Dar es Salaam — In Tanzania, 454 of every 10,000 live births results in maternal mortality, according to the United Nations Children's Fund (UNICEF). While the figure has improved over the last decade, it is still far from the goal of 193.
The debate over poor maternal health in the country has re-surfaced following last month's Global Maternal Health Conference in Arusha, where more than 900 health experts from 70 countries gathered to address access to quality maternal health care services.
"We are training our nurses, we have increased antenatal awareness and I can assure you that we are committed to reducing maternal mortality," said Deputy Minister for Health and Social Welfare Seif Suleiman Rashid. "The current rate is unacceptable."
After the Arusha meeting, the Ministry of Health and Social Welfare intensified maternal health campaigns, promoting maternal health issues on television and radio stations across the country, Rashid said.
The campaign asks expecting mothers to make sure their deliveries are performed in hospitals. In Tanzania, only half of all deliveries take place at health facilities, according to UNICEF.
He also said the campaign calls on mothers to make sure they receive services for free. "They should not pay a single cent," Rashid told Sabahi.
He said the government has allocated nearly 65 billion shillings ($40 million) to improve maternal health in the 2012-2013 fiscal year. Part of the money will be used to buy delivery kits for expecting mothers and to continue improvements at maternity hospitals, such as adding operating rooms for emergency cases.
Rashid said the biggest challenge the ministry faces has been Tanzanians' attitudes toward health services. Most expecting mothers are under the impression that public hospitals in the country offer poor services, he said.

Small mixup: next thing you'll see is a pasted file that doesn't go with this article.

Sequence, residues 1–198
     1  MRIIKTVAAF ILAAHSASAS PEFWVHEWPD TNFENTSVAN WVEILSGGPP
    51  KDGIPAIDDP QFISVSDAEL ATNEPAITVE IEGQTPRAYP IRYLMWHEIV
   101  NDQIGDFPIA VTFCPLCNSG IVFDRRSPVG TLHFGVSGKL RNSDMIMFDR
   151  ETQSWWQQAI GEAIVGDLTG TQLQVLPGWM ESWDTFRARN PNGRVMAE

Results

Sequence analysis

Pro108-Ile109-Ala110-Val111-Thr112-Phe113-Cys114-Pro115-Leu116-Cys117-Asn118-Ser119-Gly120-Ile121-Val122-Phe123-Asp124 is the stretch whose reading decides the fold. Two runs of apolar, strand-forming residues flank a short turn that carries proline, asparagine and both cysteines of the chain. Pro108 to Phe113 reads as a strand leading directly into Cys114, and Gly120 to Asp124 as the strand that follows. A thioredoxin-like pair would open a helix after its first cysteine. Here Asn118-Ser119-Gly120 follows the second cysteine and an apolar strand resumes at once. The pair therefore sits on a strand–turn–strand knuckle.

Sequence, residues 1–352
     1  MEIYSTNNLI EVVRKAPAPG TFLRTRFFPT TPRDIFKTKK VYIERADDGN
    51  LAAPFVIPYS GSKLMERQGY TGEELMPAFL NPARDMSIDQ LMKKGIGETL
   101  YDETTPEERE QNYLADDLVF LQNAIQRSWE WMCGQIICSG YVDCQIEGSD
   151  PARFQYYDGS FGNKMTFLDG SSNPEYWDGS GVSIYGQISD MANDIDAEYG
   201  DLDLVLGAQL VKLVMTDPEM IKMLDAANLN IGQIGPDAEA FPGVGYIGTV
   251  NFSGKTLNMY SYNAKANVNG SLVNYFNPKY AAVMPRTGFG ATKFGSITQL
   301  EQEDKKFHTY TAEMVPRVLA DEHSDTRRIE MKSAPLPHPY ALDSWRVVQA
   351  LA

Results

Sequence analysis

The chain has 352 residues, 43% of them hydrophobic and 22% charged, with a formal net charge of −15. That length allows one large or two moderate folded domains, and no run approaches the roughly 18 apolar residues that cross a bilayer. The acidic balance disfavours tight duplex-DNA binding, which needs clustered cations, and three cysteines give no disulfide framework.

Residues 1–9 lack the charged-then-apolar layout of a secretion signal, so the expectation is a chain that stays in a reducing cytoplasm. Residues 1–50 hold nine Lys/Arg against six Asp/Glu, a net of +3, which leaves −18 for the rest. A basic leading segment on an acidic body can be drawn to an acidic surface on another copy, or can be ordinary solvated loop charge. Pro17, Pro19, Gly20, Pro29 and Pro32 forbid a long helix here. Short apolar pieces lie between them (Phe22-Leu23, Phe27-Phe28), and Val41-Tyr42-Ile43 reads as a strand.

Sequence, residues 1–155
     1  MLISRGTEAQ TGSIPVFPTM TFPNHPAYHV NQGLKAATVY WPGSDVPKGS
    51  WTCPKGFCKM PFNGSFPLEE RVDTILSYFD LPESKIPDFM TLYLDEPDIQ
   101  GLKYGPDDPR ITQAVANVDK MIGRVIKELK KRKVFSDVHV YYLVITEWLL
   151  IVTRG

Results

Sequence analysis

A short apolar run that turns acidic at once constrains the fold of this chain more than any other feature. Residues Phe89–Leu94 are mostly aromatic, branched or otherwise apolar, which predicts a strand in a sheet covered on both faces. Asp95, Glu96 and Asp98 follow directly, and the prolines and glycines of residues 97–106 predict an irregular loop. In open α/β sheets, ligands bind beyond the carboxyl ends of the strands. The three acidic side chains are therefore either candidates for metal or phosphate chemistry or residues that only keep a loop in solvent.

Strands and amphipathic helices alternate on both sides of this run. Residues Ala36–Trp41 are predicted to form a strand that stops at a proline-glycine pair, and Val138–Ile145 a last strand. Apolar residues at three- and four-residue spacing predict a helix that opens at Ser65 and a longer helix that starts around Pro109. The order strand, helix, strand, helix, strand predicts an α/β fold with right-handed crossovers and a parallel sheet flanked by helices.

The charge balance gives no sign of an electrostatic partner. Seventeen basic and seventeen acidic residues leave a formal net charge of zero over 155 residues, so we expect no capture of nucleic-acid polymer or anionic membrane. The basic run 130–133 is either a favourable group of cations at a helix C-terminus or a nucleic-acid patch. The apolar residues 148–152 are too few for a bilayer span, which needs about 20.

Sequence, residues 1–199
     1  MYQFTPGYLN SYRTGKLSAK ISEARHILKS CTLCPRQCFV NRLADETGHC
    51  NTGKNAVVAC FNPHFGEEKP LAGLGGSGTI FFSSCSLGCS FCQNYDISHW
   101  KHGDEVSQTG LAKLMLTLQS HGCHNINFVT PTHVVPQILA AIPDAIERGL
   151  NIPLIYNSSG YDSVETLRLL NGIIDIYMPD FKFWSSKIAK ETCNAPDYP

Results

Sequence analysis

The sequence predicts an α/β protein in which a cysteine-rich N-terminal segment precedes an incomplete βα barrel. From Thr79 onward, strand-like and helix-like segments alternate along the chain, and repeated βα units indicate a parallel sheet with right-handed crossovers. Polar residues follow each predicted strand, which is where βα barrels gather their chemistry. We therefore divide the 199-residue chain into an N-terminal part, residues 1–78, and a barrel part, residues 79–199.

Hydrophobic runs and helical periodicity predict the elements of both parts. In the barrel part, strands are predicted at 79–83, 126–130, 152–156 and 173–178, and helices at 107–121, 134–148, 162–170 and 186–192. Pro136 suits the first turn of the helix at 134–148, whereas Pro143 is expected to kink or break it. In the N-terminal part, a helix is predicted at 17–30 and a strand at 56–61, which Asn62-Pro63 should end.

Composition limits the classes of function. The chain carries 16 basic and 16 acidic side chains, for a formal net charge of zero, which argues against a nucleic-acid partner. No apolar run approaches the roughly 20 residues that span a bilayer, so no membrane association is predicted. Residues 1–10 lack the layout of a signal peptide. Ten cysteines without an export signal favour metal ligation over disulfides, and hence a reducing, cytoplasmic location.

Developing new strategies
Peter Bujali, director of Human Development Trust, which monitors maternal health, said the government needs to develop comprehensive strategies to decrease maternal mortality, such as establishing new training for health workers and antenatal care programmes to sensitise new fathers.
Theopista Masenge, a paediatrician at Mbeya Referral Hospital, said inadequate maternal health education, inconvenient hospital locations and poor road infrastructure contribute to maternal mortality in Tanzania.
"We have no problem with facilities at our hospitals at all," Masenge told Sabahi. "Our problem is poor maternal health education and the geographical location [of facilities]. Pregnant women are dying on the way to hospital because of impassable roads and lack of ambulances."
She said that while Tanzanians need to change their attitudes towards healthcare and use hospitals instead of traditional midwives who cannot handle emergency situations, the government must address the scarcity of adequate health facilities in some areas.
Dafrosa Deogratias, 36, who delivered her fourth child at Amana Hospital in Dar es Salaam in December, commended improved services at government-owned hospitals.
"Previously, we had to bring everything from home," she told Sabahi. "We had to have our own gloves, scalpels and even money to pay for the service, but now I can see positive improvements."
"Even nurses are more professional than before. They used to be very abusive, but this time they were encouraging," she said, adding she was not asked to pay for anything.
Deputy Minister for Health and Social Welfare Seif Suleiman Rashid said the government plans to extend the healthcare budget increase until 2015 to continue improving services at medical facilities and significantly decrease maternal mortality rates.